There are myriad methods to gaining more power for your Jeep Wrangler. Some owners choose to supercharge the factory gasoline V6, others look to LS or HEMI V8 swaps, and still others consider dropping in a small-displacement diesel power plant.
There are a number of supercharger packages available for the Jeep Wrangler, but that doesn’t do drivers any favors when it comes to fuel mileage, and most of the power gains are up high in the rpm range, not down low where you really need it for off-road activities such as trail driving and rock crawling. A V8 swap, whether it be an LS or HEMI can net the low-end gains Jeep owners are searching for, but the heavier V8 adds weight to the vehicle, and again, fuel consumption usually goes up.
There are also a few diesel alternatives, and these have become ever more popular due to a couple of main factors. A small displacement diesel will deliver the low-end torque bonus that makes Jeep owners very happy, and diesel engines usually offer greater fuel economy in comparison to similarly sized gasoline engines. One of the newest diesel options available for Wrangler swaps is the Cummins 3.8L ISF, an electronically controlled turbocharged 3.8L inline-four cylinder that is substantially quieter than it’s older brother, the Cummins 4BT which for many years was the go-to small-displacement diesel swap choice for Wrangler owners.
For the uninitiated, the Cummins 4BT is essentially a 5.9L 12v Cummins diesel, minus two cylinders, but uses the same pistons, injectors, connecting rods, and valvetrain design as the 6BT (5.9L 12v Cummins). The 4BT diesel has been used in commercial van applications and some construction and agricultural equipment. Abundant amounts of torque and a good reputation for durability, all in a small package, have made 4BT a common choice for engine swaps in Jeeps and small pickups and SUVs.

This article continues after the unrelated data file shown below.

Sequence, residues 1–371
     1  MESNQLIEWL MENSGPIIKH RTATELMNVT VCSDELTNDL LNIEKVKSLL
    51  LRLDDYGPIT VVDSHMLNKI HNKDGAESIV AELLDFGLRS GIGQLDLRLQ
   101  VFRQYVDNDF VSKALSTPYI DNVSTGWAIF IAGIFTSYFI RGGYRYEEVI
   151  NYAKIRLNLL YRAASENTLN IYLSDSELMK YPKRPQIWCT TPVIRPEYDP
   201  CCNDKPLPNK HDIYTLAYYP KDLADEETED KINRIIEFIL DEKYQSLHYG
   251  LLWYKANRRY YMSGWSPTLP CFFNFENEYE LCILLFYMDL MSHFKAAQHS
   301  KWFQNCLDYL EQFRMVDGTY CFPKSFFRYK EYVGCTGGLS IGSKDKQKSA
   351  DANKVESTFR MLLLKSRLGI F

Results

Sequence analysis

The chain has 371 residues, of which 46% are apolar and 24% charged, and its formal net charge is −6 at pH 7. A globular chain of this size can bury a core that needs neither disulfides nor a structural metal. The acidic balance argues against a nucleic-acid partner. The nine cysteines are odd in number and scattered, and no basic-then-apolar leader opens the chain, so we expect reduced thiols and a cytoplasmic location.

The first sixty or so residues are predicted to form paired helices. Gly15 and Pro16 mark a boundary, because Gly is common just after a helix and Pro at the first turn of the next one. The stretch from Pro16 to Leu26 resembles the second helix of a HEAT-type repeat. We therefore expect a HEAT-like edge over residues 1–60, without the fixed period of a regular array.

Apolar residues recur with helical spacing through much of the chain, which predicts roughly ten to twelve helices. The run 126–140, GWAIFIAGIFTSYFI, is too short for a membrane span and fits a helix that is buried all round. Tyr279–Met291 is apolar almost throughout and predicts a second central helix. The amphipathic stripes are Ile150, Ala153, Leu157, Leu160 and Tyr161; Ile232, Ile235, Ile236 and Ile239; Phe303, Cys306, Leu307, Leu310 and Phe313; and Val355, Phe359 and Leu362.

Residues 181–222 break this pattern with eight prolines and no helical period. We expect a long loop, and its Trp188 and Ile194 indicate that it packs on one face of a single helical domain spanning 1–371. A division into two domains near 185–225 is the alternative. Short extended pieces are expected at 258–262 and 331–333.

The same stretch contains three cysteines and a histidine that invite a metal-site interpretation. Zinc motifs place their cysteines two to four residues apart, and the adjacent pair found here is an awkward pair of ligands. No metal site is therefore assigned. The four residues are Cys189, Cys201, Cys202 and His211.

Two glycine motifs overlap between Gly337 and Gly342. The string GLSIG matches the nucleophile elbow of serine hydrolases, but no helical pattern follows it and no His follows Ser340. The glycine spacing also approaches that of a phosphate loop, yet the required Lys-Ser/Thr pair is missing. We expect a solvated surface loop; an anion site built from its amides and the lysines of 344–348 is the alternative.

Bruiser Conversions of Clearwater, Florida, is now doing Cummins ISF swaps into 2012 and newer Jeep Wranglers. Its Cummins ISF turbodiesel swap increases fuel efficiency (they company claims 35 mpg highway) and the engine can run on alternative fuels such as WVO (Waste Vegetable Oil). The low-end torque (485 lb-ft at 2150 rpm) makes it a fantastic off-road engine. Bruiser Conversions’ standard ISF conversion includes a brand-new crate Cummins ISF, and the factory NAG1 is used with these conversions.
The only modification required with the Bruiser Conversions 3.8L ISF diesel swap that is not included in the price (call for specific price quotes) is at least a two-inch suspension lift to mitigate any interference with the deeper engine. The price is not included because many owners may already have a lift or are planning on one when they get the conversion.
Bruiser Conversions also makes it clear that its engine conversions done as an “off-road only” application. This is not due to any mechanical limitation, it is entirely due to differing compliance with federal regulations regarding emissions and motor vehicle compliance from state-to-state, and Bruiser Conversions suggest that for more information about registration of the converted vehicle, you should contact your local DMV. For more details about the 3.8L ISF turbodiesel conversion, or any of the company’s other engine swaps, check out the Bruiser Conversions website or call (727) 449-0800.